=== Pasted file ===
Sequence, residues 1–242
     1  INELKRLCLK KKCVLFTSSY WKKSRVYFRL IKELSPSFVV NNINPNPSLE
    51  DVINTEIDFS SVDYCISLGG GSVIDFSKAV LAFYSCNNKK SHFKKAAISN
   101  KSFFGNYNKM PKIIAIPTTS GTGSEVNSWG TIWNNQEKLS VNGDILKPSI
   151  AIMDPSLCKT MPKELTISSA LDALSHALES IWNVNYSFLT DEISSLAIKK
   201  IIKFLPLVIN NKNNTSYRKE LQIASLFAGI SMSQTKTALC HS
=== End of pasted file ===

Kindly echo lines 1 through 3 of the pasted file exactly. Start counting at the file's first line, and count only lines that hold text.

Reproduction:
Sequence, residues 1–242
     1  INELKRLCLK KKCVLFTSSY WKKSRVYFRL IKELSPSFVV NNINPNPSLE
    51  DVINTEIDFS SVDYCISLGG GSVIDFSKAV LAFYSCNNKK SHFKKAAISN